Holmes v Holmes: CA 1989

Purchas LJ said: ‘the phrase ‘substantial ground for the making of an application for such an order’ is clearly central to the issues in this application . . [i]n particular when the court comes to consider such an application, it will have to take into account under s. 16(1) whether in all the circumstances of the case it will be appropriate for such an order to be made by a court in England and Wales. If it is not satisfied that it would be appropriate (and that is a positive onus), the court shall, as a matter of mandatory instruction, dismiss the application.
In my judgment that section reflects the fundamental rule of comity as between competent courts dealing with matters of this kind. Of course s. 16 is to be considered on the application itself. Mr. Bond very properly drew the distinction between the criteria which the court should take into account if it decides to entertain the application and those which the court has to consider on the application for leave to make the application. Nevertheless, if on the application for leave to apply it is clear that if leave were given the application must founder at the first hurdle of s. 16(1), then it would clearly be wrong for the court to grant leave to apply in the first instance. So it is not possible to isolate the considerations which arise under this group of sections’ and
‘the purpose of this Act is generally apparent, namely, that it is there to remit hardships which have been experienced in the past in the presence of a failure in a foreign jurisdiction to afford appropriate financial relief. The obvious cases are those jurisdictions where there simply are not any provisions to grant financial relief to wives or children or, maybe husbands and children. In such cases, although the dissolution of the marriage has taken place in a foreign jurisdiction according to foreign laws, then the courts in this country are empowered by Parliament to step in and fill the gap. For my part I do not believe that the intention of Parliament in passing this Act was in any way to vest in the English courts any power of review or even correction of orders made in a foreign forum by a competent court in the whole matter had been examined in a way exactly equivalent to the which examination which would have taken place if the application had been made in the first instance in the courts here. That is not the object of this legislation at all’.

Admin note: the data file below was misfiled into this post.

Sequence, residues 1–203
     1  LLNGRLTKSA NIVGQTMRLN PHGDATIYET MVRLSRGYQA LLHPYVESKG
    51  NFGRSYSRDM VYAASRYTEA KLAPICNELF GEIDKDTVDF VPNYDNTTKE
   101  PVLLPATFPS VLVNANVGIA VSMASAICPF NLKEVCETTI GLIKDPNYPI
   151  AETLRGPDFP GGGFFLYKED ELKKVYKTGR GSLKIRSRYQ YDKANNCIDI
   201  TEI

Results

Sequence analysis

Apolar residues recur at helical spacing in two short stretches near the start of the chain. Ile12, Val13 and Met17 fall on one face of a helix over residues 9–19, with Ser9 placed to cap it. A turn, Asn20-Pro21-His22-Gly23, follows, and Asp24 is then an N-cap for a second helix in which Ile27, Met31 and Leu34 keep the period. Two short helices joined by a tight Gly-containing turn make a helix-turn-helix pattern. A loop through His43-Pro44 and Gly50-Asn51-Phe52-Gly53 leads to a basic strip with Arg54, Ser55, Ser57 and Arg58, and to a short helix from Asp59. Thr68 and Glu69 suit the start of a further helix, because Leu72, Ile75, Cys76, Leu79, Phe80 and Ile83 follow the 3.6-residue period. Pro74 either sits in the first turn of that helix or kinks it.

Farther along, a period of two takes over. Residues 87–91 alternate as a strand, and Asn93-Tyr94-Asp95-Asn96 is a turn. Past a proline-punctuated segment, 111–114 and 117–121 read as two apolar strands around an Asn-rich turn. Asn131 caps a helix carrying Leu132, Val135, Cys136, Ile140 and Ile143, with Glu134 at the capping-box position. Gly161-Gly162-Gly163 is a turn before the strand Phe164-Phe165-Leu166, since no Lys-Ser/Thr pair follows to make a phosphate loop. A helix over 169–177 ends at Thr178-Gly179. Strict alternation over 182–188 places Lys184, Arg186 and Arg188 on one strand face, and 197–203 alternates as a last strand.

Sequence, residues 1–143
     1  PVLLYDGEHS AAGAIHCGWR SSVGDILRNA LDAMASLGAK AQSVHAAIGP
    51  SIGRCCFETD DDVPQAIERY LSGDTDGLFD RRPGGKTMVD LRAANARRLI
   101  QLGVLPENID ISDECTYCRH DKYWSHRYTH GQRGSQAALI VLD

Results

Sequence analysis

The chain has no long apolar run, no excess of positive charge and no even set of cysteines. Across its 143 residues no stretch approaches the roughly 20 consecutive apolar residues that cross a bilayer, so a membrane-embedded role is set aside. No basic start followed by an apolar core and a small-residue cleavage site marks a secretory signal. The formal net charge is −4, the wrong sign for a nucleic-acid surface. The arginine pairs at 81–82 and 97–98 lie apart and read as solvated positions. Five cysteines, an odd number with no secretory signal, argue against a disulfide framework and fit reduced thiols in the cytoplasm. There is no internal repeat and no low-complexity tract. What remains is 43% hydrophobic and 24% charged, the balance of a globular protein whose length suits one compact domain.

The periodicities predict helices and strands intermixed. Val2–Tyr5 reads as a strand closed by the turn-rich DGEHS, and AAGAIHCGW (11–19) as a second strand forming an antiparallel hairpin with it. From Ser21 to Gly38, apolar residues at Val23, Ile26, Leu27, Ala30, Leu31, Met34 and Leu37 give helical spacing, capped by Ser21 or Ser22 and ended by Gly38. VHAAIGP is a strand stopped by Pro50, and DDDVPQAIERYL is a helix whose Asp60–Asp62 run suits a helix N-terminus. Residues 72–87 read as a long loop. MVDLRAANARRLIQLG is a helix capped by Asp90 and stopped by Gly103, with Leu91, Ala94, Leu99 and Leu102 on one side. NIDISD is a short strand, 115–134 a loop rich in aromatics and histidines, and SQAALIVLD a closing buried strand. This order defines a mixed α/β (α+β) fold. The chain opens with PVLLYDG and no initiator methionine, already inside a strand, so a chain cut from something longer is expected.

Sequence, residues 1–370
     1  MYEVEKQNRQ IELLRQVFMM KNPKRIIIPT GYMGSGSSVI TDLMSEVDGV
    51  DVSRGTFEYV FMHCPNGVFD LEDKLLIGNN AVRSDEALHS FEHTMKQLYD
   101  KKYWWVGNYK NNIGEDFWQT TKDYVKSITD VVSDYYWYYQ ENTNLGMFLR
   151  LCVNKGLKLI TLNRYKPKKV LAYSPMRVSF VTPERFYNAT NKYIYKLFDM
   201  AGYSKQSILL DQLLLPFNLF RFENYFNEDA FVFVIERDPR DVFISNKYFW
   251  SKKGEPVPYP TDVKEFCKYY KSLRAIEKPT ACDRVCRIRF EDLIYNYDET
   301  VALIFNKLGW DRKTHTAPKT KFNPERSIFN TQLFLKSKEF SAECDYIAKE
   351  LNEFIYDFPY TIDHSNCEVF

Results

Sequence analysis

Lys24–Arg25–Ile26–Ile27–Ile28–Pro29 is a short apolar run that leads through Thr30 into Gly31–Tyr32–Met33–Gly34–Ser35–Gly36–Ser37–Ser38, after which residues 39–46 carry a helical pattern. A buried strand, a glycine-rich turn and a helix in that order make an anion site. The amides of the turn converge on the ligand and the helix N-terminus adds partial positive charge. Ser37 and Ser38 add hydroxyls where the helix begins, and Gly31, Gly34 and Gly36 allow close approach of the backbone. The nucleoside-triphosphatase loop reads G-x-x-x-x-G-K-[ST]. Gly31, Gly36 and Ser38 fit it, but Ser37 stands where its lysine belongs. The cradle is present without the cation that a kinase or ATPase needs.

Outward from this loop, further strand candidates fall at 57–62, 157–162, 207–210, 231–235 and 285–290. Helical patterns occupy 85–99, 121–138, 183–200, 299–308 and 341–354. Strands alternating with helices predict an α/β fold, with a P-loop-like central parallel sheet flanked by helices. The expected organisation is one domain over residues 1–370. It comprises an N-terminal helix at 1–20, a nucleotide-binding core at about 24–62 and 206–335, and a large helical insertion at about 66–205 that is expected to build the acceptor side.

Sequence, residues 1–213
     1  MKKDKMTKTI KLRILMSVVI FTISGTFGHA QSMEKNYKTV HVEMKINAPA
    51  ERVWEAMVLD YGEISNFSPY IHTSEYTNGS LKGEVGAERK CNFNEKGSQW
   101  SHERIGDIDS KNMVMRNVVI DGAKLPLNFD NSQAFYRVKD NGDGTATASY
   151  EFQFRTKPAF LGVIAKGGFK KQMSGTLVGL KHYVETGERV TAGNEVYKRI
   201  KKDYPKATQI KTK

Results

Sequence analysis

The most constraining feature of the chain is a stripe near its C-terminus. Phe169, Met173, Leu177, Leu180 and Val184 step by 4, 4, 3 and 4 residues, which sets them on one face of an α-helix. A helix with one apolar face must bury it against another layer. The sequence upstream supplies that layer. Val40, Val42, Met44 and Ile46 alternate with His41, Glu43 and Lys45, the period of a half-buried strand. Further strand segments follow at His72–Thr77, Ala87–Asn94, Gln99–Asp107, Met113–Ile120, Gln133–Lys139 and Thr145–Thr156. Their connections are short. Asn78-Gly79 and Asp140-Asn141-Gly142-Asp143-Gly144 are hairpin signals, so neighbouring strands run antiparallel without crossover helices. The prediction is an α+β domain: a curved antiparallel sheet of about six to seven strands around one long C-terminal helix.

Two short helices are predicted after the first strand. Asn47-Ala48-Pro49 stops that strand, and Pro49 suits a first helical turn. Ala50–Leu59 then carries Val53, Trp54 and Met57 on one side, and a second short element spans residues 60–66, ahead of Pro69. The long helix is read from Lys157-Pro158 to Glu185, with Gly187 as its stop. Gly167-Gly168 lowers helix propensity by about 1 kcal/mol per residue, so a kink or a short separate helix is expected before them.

There is no opaqueness in the language of s16.
Russell LJ said: ‘Prima facie the order of the foreign court should prevail save in exceptional circumstances . .’


Purchas LJ, Russell LJ


[1989] Fam 47


Matrimonial and Family Proceedings Act 1984 13 16


England and Wales

Cited by:

CitedAgbaje v Akinnoye-Agbaje SC 10-Mar-2010
The parties had divorced in Nigeria, but the former wife now sought relief in the UK under section 10 of the 194 Act. The wife said that she lived here, but the order made in Nigeria was severely detrimental requiring her either to live here in . .
CitedHewitson v Hewitson CA 6-Oct-1994
W (former) had obtained leave ex parte to seek financial relief, and the former H now requested that that leave be set aside. H and W had been divorced in California. W had signed a ante-nuptial agreement. W was now resident here. H argued that . .
Lists of cited by and citing cases may be incomplete.

Family, Jurisdiction

Updated: 03 February 2022; Ref: scu.406671